her abode during this event, and the lion acknowledged the dog’s presence, but kept moving calmly along the side of my barn, and made her way back into the thick forest behind my house. Most folks that live here know full well to never try and get close to a lion. They are solitary ambush hunters, who prefer to ambush their prey from behind. They are also experts at the art of going into full stealth mode. Furthermore, they are also a protected species Not endangered, but protected.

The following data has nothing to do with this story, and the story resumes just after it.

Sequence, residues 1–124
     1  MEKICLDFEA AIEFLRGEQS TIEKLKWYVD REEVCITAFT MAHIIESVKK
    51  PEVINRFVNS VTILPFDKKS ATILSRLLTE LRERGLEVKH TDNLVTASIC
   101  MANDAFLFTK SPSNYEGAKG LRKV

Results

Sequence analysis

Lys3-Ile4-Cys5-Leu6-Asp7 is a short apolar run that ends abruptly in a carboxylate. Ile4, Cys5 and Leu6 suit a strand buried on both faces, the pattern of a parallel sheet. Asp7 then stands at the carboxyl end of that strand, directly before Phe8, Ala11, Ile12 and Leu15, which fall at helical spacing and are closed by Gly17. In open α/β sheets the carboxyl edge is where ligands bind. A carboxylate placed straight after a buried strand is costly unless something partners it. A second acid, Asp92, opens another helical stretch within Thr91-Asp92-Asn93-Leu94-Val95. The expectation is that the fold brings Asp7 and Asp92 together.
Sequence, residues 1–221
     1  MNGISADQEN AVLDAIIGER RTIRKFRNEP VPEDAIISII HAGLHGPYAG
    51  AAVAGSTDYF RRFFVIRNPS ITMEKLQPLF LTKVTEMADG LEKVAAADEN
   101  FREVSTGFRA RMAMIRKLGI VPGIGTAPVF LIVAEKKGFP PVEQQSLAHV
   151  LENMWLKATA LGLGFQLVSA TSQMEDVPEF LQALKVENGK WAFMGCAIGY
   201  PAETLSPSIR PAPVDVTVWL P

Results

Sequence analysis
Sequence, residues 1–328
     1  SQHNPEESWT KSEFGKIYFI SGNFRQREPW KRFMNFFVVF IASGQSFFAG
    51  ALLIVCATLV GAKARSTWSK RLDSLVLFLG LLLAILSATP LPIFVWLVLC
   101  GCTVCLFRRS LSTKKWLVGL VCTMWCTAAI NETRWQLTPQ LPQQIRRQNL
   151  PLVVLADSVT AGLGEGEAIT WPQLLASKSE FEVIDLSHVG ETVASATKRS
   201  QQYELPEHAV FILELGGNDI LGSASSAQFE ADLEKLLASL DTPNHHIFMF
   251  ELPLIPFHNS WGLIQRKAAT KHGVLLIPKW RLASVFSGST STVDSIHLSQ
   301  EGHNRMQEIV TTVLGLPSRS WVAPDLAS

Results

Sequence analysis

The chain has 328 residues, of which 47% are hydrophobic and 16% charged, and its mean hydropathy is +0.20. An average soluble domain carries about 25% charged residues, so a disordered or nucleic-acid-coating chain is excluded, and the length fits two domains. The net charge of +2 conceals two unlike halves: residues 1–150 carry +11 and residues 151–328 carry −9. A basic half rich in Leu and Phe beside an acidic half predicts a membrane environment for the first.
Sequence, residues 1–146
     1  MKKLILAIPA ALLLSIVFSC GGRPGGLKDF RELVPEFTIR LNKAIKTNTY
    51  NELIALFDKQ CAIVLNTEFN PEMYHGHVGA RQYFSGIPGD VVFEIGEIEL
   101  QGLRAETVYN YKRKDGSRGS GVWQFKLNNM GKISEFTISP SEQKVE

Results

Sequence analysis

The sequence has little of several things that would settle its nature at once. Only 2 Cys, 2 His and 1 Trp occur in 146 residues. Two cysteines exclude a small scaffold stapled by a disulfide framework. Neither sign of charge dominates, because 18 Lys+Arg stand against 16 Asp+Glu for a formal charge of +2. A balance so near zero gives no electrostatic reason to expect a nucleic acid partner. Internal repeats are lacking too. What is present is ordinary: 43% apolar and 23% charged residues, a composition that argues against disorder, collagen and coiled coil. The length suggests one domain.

Mountain Lions (aka Cougars) generally have litters of 2 – 4 kittens, which are generally born around this time of year. I should note here, that it is not uncommon for a Mountain Lion to give birth at any time during the year, it’s simply more common for them to give birth around this time of the year. The reason for this is because they usually mate between December and March, and since the gestation period is between 82 and 96 days, that puts this lion’s kittens firmly in the realm of new born. From birth, the kittens will nurse for about 2 months, after which they will travel with the mother, as she teaches them how to hunt. They remain with the mother for 1 – 2 years. While Mountain Lions have a very large range, this range differs between the males and females, with the males having a larger range than the females.